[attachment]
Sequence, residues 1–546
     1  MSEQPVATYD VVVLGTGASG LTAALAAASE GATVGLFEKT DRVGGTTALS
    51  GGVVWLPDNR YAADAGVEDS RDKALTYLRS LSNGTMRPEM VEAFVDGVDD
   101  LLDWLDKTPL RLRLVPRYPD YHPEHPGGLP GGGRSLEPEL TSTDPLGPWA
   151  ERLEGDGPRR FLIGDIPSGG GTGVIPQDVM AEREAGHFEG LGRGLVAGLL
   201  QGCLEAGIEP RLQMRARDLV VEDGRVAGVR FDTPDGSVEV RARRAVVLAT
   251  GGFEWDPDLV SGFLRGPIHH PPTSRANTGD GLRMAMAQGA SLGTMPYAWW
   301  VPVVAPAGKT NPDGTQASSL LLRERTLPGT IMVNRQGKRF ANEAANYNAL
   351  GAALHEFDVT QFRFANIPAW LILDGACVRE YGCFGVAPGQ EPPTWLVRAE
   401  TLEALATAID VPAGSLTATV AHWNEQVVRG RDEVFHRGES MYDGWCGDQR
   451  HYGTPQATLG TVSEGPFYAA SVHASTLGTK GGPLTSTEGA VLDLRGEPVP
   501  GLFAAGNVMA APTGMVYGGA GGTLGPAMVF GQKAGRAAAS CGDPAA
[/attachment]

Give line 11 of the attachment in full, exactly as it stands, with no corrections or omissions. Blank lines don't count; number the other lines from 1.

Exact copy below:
   451  HYGTPQATLG TVSEGPFYAA SVHASTLGTK GGPLTSTEGA VLDLRGEPVP